What Makes an Article About Bed-Sharing So … Share-able?

Somewhat improbably, an article about a book on bed-sharing cracks the New York Times' most emailed list -- and stays there for 30 days.

(The Most Post is an occasional look at the most popular, most blogged, and most emailed stories on the Web.)

Within the universe of most-emailed articles, there are certain, dependable genres — stories about natural disasters, weird animals, celebrity split-ups. But articles about books?

Not so popular.

That is, with one notable exception. Roughly a month ago, reporter Kate Murphy penned a beguiling story for the New York Times called “People Who Share a Bed, and the Things They Say About It.” The article focused on the findings of a scholarly book, Two in a Bed: The Social System of Couple Bed Sharing by Paul C. Rosenblatt, a professor at the University of Minnesota.

“For Two in a Bed, Dr. Rosenblatt interviewed 42 couples,” wrote Murphy. “Most of them were married heterosexual couples but some were unmarried hetero or homosexual couples … The subjects he interviewed invariably had their own side of the bed, and responsibilities like putting out the cat or opening the windows before turning in … Not surprisingly, perhaps, those interviewed said dealing with a partner’s snoring and insomnia profoundly affected the couple’s sleep dynamic.”

Originally, Murphy’s story about the bed-sharing book appeared in the Health & Fitness sub-section of Science Times — not exactly the most visible real estate at the paper. But soon the story found a second life on the Times’ most emailed list, where it continued to lure readers, day in and day out, for the next thirty days (the longest amount of time currently allowed by the guardians of the Times’ list).

It’s an impressive feat when you consider that the story didn’t focus on the work of a famous writer (like a Bob Woodward or a Stephen King), nor was the story penned by one of the Times’ better-known book reviewers (like a Michiko Kakutani or a Joe Queenan). So what makes the story so wildly email worthy?

“At one level, I think the book is just fun,” Dr. Rosenblatt recently told the Most Post. “It’s like finding out things about other people that you never dared to ask them. A lot of people don’t talk much about their bed-sharing. This gives them a way of understanding their experiences. It’s like, ‘Oh gosh, I’m normal.’ Or, ‘Oh gosh, everybody else has this same kind of problem.’”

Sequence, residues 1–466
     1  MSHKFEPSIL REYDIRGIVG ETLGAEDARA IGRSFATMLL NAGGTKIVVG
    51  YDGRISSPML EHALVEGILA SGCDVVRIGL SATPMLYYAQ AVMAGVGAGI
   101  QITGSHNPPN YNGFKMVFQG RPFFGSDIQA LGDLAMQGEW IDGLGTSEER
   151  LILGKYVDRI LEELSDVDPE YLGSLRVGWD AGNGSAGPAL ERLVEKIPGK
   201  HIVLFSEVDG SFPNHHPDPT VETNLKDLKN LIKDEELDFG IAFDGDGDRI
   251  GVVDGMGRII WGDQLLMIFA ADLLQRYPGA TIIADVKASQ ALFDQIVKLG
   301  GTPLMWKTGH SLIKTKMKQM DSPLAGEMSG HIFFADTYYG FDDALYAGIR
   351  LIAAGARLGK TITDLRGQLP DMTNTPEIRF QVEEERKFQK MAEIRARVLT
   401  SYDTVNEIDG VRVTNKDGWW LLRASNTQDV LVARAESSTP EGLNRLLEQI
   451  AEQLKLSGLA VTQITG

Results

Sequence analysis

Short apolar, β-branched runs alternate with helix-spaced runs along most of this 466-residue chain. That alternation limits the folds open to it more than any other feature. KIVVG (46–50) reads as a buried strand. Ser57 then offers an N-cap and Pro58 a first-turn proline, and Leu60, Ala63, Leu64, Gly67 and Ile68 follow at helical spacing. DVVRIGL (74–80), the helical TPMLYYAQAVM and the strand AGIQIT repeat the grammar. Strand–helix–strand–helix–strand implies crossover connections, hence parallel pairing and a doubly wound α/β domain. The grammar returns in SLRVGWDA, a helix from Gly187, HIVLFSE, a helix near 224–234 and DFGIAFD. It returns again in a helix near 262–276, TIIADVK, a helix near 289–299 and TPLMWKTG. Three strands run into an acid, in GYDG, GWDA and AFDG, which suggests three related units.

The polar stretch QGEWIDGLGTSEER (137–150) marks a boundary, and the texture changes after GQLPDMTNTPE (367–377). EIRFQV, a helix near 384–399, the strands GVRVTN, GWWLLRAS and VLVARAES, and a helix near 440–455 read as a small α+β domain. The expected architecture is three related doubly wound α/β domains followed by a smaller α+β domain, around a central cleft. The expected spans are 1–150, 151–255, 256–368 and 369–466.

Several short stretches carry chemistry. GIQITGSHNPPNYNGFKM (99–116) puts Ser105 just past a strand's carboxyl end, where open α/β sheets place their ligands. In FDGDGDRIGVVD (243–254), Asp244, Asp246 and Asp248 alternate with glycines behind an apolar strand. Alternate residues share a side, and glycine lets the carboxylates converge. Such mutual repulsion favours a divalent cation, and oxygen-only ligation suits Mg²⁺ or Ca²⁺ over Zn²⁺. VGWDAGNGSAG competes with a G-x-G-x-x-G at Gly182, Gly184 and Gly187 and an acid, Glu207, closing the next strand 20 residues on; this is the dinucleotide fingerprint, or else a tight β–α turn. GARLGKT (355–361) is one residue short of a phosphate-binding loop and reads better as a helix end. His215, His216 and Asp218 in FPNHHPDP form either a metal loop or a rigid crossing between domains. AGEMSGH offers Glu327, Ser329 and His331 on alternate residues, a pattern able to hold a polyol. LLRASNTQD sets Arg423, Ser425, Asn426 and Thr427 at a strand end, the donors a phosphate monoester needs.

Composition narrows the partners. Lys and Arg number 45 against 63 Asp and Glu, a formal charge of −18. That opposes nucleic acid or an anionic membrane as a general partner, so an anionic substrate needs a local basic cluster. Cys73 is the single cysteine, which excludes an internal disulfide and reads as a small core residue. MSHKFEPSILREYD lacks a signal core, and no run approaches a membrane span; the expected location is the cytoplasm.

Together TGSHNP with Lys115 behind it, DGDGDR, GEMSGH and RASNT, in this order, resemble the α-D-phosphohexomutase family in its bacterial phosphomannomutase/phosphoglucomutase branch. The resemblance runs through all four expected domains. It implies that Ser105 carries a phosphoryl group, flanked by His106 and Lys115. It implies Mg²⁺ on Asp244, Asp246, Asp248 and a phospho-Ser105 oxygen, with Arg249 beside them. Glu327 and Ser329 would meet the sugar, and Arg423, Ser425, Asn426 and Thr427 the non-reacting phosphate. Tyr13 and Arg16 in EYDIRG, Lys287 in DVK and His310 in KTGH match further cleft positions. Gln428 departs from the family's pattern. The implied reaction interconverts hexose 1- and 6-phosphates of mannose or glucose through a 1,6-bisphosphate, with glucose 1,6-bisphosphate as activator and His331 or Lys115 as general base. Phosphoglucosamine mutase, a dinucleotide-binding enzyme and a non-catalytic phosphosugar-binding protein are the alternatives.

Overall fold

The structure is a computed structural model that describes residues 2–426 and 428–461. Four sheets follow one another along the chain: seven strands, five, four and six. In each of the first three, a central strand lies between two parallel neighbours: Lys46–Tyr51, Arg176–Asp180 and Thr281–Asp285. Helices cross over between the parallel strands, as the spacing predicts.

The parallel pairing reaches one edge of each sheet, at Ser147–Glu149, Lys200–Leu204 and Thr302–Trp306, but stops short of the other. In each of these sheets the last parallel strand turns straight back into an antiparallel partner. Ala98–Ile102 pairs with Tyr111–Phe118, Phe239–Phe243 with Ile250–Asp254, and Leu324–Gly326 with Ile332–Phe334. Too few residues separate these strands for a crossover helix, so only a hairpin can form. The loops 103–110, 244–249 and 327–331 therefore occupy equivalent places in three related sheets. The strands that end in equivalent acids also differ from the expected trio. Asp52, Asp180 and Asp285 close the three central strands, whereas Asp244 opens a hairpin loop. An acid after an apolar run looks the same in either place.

Another possible explanation for the article’s popularity is that (a) there are a huge number of people who share a bed and (b) most studies of sleep disorders focus on individuals rather than couples. (Full disclosure: the Most Post found the subject matter highly interesting and perhaps not coincidentally shares his bed with the future Mrs. Most Post, and … that’s all we have to say about that.)

Dr. Rosenblatt says that the buzz surrounding his book has hardly been limited to the Times’ Web site. Recently, excerpts of Two in a Bed ran in the Times of London. Reporters — many who were inspired by Murphy’s article — continue to line up for interviews (according to Dr. Rosenblatt, the Most Post was the eighty-fifth news outlet to interview him about the book). And emails continue to pour in to Dr. Rosenblatt from the bed-sharing public.

All of which seems to slightly baffle the professor. “It’s not a self-help book,” says Dr. Rosenblatt. “It’s not even a trade book. It’s a scholarly book with references and chewings about scholarly issues that most people even in the scholarly world aren’t interested in … I thought it would sell 400 copies over the next two years.”

Murphy, a regular freelancer for the Times who more recently has been covering the Jeffrey Skilling sentencing in Texas, was also somewhat taken aback by the runaway popularity of her article — a fact that she hadn’t noticed until an editor pointed it out to her. “I’ve had other pieces in the top ten before but not one that stayed there so long,” Murphy writes via email from Houston. “That surprised me.”

According to Murphy, she first stumbled upon her subject matter thanks to an errant Google search. “I was researching another totally unrelated story and stumbled upon a U of Minn. announcement about his research,” she says. “I am probably the only person who loves irrelevant search results.”

So how does she explain the peculiar popularity of her article? “You know, I think it’s because it was a subject most people could relate to,” says Murphy. “It wasn’t so much the book as it was a subject worthy of a book. The best stories to me are ones that shine a light on something right in front of your face.”

Or perhaps right behind your back — depending on who’s spooning whom.

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Felix Gillette writes about the media for The New York Observer.